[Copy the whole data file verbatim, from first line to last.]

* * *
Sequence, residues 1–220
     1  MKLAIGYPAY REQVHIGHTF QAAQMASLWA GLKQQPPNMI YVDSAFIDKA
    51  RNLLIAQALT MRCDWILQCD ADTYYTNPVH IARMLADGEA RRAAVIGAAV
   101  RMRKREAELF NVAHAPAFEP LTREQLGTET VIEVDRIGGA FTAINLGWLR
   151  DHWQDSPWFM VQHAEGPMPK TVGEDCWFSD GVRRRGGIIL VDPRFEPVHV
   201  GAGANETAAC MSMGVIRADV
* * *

Sequence, residues 1–220
     1  MKLAIGYPAY REQVHIGHTF QAAQMASLWA GLKQQPPNMI YVDSAFIDKA
    51  RNLLIAQALT MRCDWILQCD ADTYYTNPVH IARMLADGEA RRAAVIGAAV
   101  RMRKREAELF NVAHAPAFEP LTREQLGTET VIEVDRIGGA FTAINLGWLR
   151  DHWQDSPWFM VQHAEGPMPK TVGEDCWFSD GVRRRGGIIL VDPRFEPVHV
   201  GAGANETAAC MSMGVIRADV